Each player will assume the role of one of six major animal classes -- mammal, reptile, bird, amphibian, arachnid or insect. Each begins the game more or less in a state of natural balance in relation to one another. But that won’t last: It is indeed "survival of the fittest."
Through wily action pawn placement, players will strive to become dominant on as many different terrain tiles as possible in order to claim powerful card effects. Players will also want to propagate their individual species in order to earn victory points for their particular animal. Players will be aided in these endeavors via speciation, migration and adaptation actions, among others.
All of this eventually leads to the end game -- the final ascent of the ice age -- where the player having accumulated the most victory points will have his animal crowned the Dominant Species.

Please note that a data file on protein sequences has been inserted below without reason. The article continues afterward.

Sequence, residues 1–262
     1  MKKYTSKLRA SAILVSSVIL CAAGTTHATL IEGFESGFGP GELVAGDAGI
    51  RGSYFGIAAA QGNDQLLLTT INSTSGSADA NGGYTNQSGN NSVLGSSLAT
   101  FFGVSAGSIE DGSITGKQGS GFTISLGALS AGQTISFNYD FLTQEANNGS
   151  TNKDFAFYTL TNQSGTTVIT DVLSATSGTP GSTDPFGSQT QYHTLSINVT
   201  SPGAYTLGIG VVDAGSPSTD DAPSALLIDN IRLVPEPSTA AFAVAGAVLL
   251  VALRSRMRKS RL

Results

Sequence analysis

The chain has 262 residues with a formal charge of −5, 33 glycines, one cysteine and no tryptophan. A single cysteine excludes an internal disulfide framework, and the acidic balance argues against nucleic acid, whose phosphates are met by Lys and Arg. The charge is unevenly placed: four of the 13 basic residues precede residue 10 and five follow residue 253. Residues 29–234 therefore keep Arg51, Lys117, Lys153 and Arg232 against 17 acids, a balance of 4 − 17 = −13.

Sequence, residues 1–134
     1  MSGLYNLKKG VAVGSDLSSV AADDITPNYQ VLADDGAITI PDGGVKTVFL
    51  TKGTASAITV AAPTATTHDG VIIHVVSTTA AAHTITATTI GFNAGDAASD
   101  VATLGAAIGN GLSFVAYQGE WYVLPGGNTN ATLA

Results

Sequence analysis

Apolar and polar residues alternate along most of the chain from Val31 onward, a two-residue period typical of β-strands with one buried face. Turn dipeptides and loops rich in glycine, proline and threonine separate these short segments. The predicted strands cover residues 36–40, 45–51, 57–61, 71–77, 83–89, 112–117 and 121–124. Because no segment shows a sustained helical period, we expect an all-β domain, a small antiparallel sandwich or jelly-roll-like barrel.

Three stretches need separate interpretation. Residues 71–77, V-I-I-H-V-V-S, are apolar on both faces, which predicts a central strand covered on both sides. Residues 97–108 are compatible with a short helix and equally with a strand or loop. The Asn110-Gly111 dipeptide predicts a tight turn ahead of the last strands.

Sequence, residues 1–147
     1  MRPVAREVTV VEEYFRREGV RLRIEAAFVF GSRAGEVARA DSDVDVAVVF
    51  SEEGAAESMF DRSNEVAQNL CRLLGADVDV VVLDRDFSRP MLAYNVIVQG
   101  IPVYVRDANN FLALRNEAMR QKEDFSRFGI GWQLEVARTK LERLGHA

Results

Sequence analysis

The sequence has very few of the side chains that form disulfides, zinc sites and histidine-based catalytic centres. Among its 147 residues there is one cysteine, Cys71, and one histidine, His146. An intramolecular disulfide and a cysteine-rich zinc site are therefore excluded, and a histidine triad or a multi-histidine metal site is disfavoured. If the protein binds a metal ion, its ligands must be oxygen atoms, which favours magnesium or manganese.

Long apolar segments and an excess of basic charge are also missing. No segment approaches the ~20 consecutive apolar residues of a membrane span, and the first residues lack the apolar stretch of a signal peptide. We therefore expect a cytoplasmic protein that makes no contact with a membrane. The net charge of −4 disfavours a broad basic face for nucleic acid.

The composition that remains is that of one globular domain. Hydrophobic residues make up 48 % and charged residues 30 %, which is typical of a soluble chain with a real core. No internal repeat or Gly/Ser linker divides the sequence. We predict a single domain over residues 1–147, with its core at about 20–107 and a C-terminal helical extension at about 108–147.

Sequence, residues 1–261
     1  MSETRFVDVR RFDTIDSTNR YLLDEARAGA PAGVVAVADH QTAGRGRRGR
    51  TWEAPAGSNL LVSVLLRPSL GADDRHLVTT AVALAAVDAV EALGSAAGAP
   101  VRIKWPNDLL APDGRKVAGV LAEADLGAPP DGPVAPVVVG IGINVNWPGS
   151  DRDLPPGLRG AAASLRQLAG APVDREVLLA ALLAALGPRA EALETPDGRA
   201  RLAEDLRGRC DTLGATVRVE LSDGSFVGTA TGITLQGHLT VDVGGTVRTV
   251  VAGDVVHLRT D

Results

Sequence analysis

But somebody better become dominant quickly, because it’s getting mighty cold....


2010 - Hansa Teutonica  :thumb-up
PLAYERS: 2 to 5 Players
PLAYING TIME: 60 Minutes
AGES: 12 & up
DESIGNER: Andreas Steding
DESCRIPTION: The players act as traders trying to get victory points for building a network of offices, controlling cities, collecting bonus markers or for other traders using the cities they control. After controlling a line between two cities with your pawns you can decide to build an office (and maybe also establish control and/or get a bonus marker) or to get a skill improvement from some of the cities. Players have to improve their traders' "skills" for the following effects: getting more VP from offices in their network, getting more available action points, increasing the number of available pawns, and getting the right to place pawns and get more special pawns. This game appeared originally as Wettstreit der Händler at the Hippodice competition.


2009 - Dominion
  :thumb-up
PLAYERS: 2 to 4 Players (Can be increased to 6 players with addition of expansions)
PLAYING TIME: 30 Minutes
AGES: 8 & up
DESIGNER: Donald X. Vaccarino